Before Irreantum folded, I’d recruited a few people to write book reviews for what I thought would be the last issue. Among the reviewers was Emily Harris Adams, winner of the 2013 Mormon Lit Blitz. Emily was given the assignment to review D. J. Butler’s City of the Saints, a Mormon steampunk novel that was originally serialized and published through Amazon. After Irreantum‘s no-more-ness became manifest, Emily contacted me and asked what to do with her complimentary (i.e. FREE!) review copy. I told her to keep it and forget about the review. Not wanting the book to go to waste, though, she wrote the review anyway and sent it to me to post on A Motley Vision.
So, in memory of Irreantum, I post Emily’s review…with hope that the journal will find a new beginning sometime soon.
After reading City of the Saints, I couldn’t quite figure out a succinct way to describe the overarching, grand picture of what I had just mentally ingested. Not until I ran into Dave Butler himself. When he asked me what I thought of his book, I said,
“It’s history cake, isn’t it?”
And it is. There’s an unabashed reveling in the historical yumminess.
This book isn’t history candy. If you are looking for something enjoyable but without density, a fun read that happens to take place in a historical setting, turn your handcart around because this is not the right place. This story is rich and indulgent but still substantive. In other words: cake.
Continue reading “Guest Post: D. J. Butler’s City of the Saints: An Irreantum Review”
So there’s several Mormon novels I read that I kept meaning to review, but never got around to it. They were there in the back of my head, screaming at me, “Tell the world about us!” I looked compassionately at those great works of art and said, “Okay, I have a duty to you for making my life that much better. Okay.” So these are going to be fast and dirty, but they’ll be better than the guilty silence that has waited impatiently the past several years. So here’s a handful of some of the best Mormon Literature that I have come across the last several years:
THE PICTOGRAPH MURDERS
by P.G. Karamasines
Written by AMV’s very own Patricia Karasamines, this novel still has left a very vivid impression on me, despite the fact that it’s been probably six or seven years since I read it. It’s the story of Alex McKelvey, a Mormon convert who participates in a BYU sponsored archaeology dig in Southern Utah. Alex is a English/folklore student at the Y and a naturalist, so although she isn’t actually studying archaeology, her interest in the Southwest and the myths and culture of the Native Americans makes her interest in participating in the dig more than believable. At the dig, a disappearance and possible murder occurs, which leads us into an intriguing plot involving the possible involvement of mythological figures, culture clashes, and a tight, interesting thriller plot.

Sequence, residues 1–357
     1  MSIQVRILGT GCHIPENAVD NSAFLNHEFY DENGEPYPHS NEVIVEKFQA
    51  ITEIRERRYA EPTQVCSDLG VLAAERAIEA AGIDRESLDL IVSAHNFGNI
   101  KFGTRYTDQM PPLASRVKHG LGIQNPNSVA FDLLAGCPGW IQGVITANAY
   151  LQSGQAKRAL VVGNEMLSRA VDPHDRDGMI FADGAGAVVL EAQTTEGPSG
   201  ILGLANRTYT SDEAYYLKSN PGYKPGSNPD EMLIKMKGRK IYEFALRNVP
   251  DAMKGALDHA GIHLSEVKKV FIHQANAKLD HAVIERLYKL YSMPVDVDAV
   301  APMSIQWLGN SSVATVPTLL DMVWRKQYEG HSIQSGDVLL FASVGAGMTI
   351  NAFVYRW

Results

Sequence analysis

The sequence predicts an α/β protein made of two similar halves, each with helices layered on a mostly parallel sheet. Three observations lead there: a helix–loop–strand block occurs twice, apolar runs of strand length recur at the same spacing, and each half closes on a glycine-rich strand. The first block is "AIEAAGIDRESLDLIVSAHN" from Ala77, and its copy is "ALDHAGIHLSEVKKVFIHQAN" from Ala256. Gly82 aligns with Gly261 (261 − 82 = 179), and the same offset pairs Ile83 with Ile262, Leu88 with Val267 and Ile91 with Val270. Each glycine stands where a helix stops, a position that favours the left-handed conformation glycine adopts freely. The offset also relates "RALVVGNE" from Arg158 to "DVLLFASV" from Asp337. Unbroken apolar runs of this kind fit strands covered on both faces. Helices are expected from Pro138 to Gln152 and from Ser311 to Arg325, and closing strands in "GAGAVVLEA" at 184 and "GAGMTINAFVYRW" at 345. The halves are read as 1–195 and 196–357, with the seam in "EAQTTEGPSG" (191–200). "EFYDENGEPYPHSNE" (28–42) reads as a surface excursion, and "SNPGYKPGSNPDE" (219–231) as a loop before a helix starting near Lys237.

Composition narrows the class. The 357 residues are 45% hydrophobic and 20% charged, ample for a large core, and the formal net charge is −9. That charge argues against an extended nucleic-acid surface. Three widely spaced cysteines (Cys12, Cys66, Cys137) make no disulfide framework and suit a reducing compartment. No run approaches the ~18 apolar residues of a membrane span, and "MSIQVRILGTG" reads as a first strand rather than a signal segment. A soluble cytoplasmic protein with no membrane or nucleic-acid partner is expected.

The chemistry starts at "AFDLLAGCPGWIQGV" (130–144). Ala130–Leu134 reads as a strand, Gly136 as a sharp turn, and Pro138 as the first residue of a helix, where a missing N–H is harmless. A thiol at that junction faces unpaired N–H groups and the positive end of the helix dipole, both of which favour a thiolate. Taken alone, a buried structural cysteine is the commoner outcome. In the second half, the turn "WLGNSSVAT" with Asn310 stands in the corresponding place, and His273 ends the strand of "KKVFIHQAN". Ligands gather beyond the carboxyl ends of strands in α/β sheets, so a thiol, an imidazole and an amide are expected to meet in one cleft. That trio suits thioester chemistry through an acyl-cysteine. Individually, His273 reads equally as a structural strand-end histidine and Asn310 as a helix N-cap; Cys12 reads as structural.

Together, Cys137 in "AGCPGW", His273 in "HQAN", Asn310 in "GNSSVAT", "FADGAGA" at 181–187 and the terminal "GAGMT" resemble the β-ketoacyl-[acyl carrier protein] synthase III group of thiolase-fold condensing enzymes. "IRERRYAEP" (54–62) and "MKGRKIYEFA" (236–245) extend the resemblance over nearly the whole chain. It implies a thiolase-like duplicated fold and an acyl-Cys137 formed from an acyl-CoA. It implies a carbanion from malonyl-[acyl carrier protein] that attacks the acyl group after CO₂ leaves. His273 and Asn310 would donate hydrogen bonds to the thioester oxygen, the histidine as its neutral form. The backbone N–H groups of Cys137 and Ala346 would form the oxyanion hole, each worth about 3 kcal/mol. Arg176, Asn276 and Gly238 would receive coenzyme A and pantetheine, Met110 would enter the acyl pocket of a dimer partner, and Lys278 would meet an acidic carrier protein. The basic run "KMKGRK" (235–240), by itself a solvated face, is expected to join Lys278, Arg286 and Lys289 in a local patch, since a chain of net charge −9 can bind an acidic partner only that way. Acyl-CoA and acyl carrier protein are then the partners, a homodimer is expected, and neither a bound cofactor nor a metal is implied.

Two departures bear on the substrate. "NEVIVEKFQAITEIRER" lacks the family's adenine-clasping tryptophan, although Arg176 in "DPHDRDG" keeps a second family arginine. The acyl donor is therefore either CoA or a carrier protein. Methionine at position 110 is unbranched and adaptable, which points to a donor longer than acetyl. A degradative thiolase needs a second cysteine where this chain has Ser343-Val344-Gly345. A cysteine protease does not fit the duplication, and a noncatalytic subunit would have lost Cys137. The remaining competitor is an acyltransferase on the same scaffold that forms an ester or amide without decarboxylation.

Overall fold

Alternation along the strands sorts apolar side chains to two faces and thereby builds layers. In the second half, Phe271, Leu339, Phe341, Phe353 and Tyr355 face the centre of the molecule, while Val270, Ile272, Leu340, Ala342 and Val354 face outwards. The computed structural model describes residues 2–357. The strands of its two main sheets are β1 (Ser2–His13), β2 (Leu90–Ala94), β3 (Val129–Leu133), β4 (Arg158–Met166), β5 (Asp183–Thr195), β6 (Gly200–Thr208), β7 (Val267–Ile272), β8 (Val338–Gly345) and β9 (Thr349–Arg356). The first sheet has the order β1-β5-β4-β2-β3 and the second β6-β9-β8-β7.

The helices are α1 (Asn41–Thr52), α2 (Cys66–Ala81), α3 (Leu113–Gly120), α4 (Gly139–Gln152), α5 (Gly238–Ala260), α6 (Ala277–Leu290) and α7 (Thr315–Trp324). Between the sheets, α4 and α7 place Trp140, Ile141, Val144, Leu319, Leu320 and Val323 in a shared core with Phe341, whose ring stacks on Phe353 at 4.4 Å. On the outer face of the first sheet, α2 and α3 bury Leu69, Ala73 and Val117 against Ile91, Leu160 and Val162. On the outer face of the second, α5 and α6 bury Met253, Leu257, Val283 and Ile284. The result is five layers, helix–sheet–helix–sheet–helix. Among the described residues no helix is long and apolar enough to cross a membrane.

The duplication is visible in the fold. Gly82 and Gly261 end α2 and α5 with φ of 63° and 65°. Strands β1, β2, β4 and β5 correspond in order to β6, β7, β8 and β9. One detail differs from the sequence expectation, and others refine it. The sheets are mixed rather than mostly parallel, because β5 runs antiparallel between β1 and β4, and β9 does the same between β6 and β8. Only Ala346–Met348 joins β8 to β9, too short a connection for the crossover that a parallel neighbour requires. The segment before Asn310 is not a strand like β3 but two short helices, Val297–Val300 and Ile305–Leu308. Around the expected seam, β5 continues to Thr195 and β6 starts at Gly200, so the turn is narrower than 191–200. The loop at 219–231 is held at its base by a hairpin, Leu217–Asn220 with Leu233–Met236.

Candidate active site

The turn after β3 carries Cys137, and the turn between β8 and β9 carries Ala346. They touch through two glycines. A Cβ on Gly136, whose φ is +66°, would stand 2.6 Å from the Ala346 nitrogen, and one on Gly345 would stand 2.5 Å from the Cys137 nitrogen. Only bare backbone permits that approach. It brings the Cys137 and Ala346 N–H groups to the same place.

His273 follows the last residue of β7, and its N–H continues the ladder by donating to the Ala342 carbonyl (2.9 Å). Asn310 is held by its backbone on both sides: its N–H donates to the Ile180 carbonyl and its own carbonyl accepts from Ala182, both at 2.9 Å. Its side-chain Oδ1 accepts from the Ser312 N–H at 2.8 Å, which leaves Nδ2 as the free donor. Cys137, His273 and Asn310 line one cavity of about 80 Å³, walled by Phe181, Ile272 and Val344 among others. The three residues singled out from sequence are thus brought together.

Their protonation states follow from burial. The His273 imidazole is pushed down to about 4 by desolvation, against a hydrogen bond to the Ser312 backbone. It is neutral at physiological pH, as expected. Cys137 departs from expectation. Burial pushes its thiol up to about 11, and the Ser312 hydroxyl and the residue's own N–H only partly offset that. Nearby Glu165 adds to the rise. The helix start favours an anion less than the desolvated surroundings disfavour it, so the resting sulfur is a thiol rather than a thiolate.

The characters in the novel were well drawn and intriguing, especially Alex (and, interestingly enough, her Siberian husky Kit), as well as the portrayal of the Native American mythological figure Coyote. Character driven in a magical realism setting, this was an achingly beautiful novel, despite masquerading as a thriller. The evocative language Karamesines uses, especially when describing Southern Utah’s emotional beauty or using her archetypal brush to paint new visions on Native American mythology. Being a lover of mythology, cultural exchange, and poetic prose, this book was right up my alley. Beautifully written, intelligently plotted, and deeply satisfying, I would heartily recommend The Pictograph Murders to nearly anyone.
Continue reading “Review: A Few Good Mormon Novels”
After 20 years of writing about books written by “BYU faculty, staff, alumni, and members of BYU’s Board of Trustees,” emeritus BYU professor Richard H. Cracroft will stop writing his Book Nook column with the Summer issue of BYU Magazine.
This move ends one of the more consistent and long-term sources of information about Mormon literature, which makes up a significant portion of Cracroft’s coverage. The columns mention as many as a dozen titles, meaning that over 20 years Cracroft has covered something approaching a thousand books. His column was especially valuable for the first decade of its existence, before the AML review archive was started and reviews of LDS books became much more common.
Most of the columns are available online in the BYU Magazine archives, which go back to 1996. For the first 5 years of Cracroft’s Book Nook column, you’ll have to find them in a library or private collection.
If I get a chance, I’ll call BYU Magazine later today and ask if the column will be continued by someone else. [I called — see comment #11 below.]
I had no idea that The LDS Church’s magazine for kids The Friend published book reviews until I happened to glance over at my daughter a couple of Sunday’s ago as she was reading the reviews in the May 2009 issue. My interest was piqued so I went over to the LDS.org to see what I could discover.
A search of The Friend on LDS.org for “book reviews” shows that this feature began in May 2006 and that a Book Reviews column has been published in every November and May issue since then. Two prior results also appear — one in 1982 and one in 1985. [Of course, it may be that that search isn’t turning up everything.]
Some of the titles reviewed in the May 2009 issue are: Encyclopedia Brown, Boy Detective, by Donald J. Sobol; Amelia Bedelia, by Peggy Parish; Small Pig, by Arnold Lobel; and Bertie Was a Watchdog, by Rick Walton (a bit of homerism, here, as Rick is LDS), illustrated by Arthur Robins. Continue reading “The Friend’s book reviews”